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Profitec Pro 300 First Review

Published by Ben Piff
January 14, 2016 10:47 pm


The Profitec Pro 300 is here! When we first tested this little gem of a machine last year, it became immediately obvious that it could bring a number of unique features and value to our lineup. This first review will highlight more in-depth testing, comparisons with single and dual boilers, and what we’re hearing from Pro 300 owners. But if you read no further than this paragraph, remember this: the Profitec Pro 300 is our most compact and competitively priced Italian dual boiler with beautiful German engineering and modern features that give similar performance to its $2700 big brother (the Pro 700), and this 20 amp model is by far the fastest to warm up (under ten minutes). Most modern kitchens have 20 amps available, just check your circuit breakers (the breakers in your kitchen will likely be labeled with either a 15 or 20) and give us a call if you have questions about this.

Comparing to single boilers like the Rancilio Silvia:

The Pro 300 directly addresses the biggest limitations of single boiler espresso machines like the Rancilio. First, single boilers require waiting for the machine to heat up to make steam power, and they need to be cooled down after steaming before another shot can be pulled. This is exacerbated by the lack of temperature control and information on many single boilers, which limit the ability to make consistent drinks. There’s simply no way to know what temperature you’re pulling your shot at, which means you may get more sour shots by the machine being under 200 degrees, or more bitter shots by the machine being above 200 degrees (when steaming, the machines have to heat up to around 250 degrees).

By contrast, in five to ten minutes the Profitec Pro 300’s PID display will show that the machine has reached your preset temperature (it will never forget its setting) and is ready to pull a shot, while the pressure gauge will show you when the steam boiler is ready to work. The 20 amp model has the convenient ability to heat both boilers at the same time. This is why the Pro 300 can warm up so quickly, and also why you’ll be able to steam bigger volumes of milk and make drinks immediately back to back without having to wait.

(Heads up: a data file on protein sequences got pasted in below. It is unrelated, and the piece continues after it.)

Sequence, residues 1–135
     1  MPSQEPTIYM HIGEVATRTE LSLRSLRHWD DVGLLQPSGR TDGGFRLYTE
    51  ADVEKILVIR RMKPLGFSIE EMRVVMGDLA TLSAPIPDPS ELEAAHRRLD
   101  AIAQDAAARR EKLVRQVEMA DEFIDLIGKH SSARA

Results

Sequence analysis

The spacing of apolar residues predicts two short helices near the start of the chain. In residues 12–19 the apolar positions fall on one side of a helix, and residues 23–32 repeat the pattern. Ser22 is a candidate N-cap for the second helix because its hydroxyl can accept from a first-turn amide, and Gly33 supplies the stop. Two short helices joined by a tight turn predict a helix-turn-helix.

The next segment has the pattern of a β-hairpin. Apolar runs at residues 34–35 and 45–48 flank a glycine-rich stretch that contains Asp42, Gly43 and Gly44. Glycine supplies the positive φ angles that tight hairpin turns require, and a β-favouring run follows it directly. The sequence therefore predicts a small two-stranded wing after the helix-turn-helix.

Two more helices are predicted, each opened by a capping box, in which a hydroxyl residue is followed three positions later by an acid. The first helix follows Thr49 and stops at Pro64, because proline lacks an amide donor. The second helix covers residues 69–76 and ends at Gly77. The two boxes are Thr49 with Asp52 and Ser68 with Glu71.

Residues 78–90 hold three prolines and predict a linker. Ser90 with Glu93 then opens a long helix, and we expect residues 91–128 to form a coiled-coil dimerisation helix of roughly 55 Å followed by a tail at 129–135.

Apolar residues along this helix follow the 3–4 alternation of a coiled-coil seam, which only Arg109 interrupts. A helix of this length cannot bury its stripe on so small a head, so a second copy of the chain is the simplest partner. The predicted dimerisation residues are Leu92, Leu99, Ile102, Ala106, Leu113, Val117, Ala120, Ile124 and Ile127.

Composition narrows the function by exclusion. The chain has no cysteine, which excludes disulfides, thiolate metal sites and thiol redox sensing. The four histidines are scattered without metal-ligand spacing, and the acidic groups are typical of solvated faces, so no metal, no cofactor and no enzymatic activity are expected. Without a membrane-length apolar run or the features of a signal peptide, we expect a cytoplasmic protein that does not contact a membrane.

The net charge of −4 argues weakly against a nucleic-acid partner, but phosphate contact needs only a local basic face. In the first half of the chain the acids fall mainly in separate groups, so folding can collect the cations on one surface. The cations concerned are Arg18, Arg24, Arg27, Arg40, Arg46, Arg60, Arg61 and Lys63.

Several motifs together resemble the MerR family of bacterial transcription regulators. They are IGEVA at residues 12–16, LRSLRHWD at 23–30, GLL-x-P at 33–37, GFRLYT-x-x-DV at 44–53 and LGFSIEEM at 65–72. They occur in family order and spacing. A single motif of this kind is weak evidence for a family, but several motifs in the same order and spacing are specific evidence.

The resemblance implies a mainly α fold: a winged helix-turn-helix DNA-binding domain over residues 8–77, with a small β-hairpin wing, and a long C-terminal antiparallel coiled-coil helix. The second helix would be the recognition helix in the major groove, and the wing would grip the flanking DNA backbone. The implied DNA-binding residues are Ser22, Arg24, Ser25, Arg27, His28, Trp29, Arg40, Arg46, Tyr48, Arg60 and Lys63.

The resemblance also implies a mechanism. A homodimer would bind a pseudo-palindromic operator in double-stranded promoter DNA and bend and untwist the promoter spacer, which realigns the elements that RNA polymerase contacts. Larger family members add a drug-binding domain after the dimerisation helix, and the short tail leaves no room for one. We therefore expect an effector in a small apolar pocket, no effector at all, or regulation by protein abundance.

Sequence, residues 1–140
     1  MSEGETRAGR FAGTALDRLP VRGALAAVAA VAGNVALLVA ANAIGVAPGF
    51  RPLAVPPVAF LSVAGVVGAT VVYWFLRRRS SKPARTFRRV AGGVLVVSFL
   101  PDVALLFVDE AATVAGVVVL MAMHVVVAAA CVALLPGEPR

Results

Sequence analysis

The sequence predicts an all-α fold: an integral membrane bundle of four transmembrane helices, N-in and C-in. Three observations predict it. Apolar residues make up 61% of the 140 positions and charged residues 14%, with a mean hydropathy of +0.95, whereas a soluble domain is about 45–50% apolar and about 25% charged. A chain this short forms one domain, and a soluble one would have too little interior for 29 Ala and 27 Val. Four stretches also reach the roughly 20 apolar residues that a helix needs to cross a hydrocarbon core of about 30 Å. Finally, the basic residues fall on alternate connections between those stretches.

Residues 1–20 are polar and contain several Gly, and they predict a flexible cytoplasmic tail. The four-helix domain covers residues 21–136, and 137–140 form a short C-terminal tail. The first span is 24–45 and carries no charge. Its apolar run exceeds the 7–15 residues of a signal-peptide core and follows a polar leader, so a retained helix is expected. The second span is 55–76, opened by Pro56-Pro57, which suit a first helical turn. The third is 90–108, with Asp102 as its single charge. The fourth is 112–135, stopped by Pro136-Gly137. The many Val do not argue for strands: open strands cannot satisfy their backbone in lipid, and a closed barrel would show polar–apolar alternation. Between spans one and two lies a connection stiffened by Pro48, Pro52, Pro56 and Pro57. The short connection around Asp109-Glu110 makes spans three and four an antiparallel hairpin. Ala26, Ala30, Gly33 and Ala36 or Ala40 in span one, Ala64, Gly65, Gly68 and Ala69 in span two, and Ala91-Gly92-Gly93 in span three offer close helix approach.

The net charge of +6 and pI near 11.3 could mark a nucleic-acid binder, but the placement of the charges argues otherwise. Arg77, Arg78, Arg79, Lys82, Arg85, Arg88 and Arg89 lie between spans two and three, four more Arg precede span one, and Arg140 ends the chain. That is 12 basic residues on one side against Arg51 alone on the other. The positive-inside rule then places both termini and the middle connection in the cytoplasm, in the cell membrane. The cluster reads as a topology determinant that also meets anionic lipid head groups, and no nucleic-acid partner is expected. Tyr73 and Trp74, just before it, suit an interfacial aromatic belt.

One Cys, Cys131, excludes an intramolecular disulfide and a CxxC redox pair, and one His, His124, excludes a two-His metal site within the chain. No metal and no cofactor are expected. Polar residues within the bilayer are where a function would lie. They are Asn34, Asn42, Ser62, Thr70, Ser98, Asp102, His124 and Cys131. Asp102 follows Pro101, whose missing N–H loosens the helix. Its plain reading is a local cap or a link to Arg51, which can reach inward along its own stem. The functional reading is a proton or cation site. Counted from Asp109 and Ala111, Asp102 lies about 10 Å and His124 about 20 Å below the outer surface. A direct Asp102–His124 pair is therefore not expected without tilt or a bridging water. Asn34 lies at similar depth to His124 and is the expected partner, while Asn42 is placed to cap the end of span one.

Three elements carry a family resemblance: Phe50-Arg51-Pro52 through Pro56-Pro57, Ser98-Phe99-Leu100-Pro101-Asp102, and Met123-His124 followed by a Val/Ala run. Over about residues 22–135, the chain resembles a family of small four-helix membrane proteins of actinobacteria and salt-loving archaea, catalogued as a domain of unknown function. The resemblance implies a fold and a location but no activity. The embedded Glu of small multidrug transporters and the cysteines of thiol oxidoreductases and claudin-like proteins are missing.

Comparing to dual boilers like the Breville Dual Boiler, Quick Mill QM67, Profitec Pro 700:

Many of our customers want to move beyond single boiler espresso machines, but want something longer lasting (and maintainable) than the Breville Dual Boiler ($1299), yet more compact and affordable than the beautiful e61 dual boilers like the Quick Mill QM67 ($1995) or Profitec Pro 700 ($2695).

The Pro 300 has been designed for simplicity, durability and performance. This means that its electronic and mechanical designs are more simple than the Breville, but that they will last considerably longer and can be maintained by the owner. The Breville Dual Boiler can only be maintained by Breville, and because they’re designed to combine performance with convenience and economy, it’s harder to know how long they’ll last.

Previously, moving into a dual boiler with Italian build quality meant a nearly $2000 investment such as the LUCCA A53 Mini or Quick Mill QM67. These are great machines, and the way they differ from the Pro 300 is more dramatic Italian styling, bigger steam boilers with more power, and the ability to make more drinks at a time. When we measure the temperature at the group head while pulling shots one minute apart, all these Italian machines are all able to stay within a degree of your target brew temperature. The advantage of the QM67’s e61 group head is mechanical preinfusion with every shot, and its 9 pound thermal mass is even more forgiving at maintaining brew temperature. The disadvantage of the QM67 is that it only has a 15 amp mode, weighs 10 pounds more, and is at least an inch bigger in width, depth and height. And because it needs to heat bigger boilers and an additional 9lb brass group head, you’re looking at a warm up time of 20 minutes.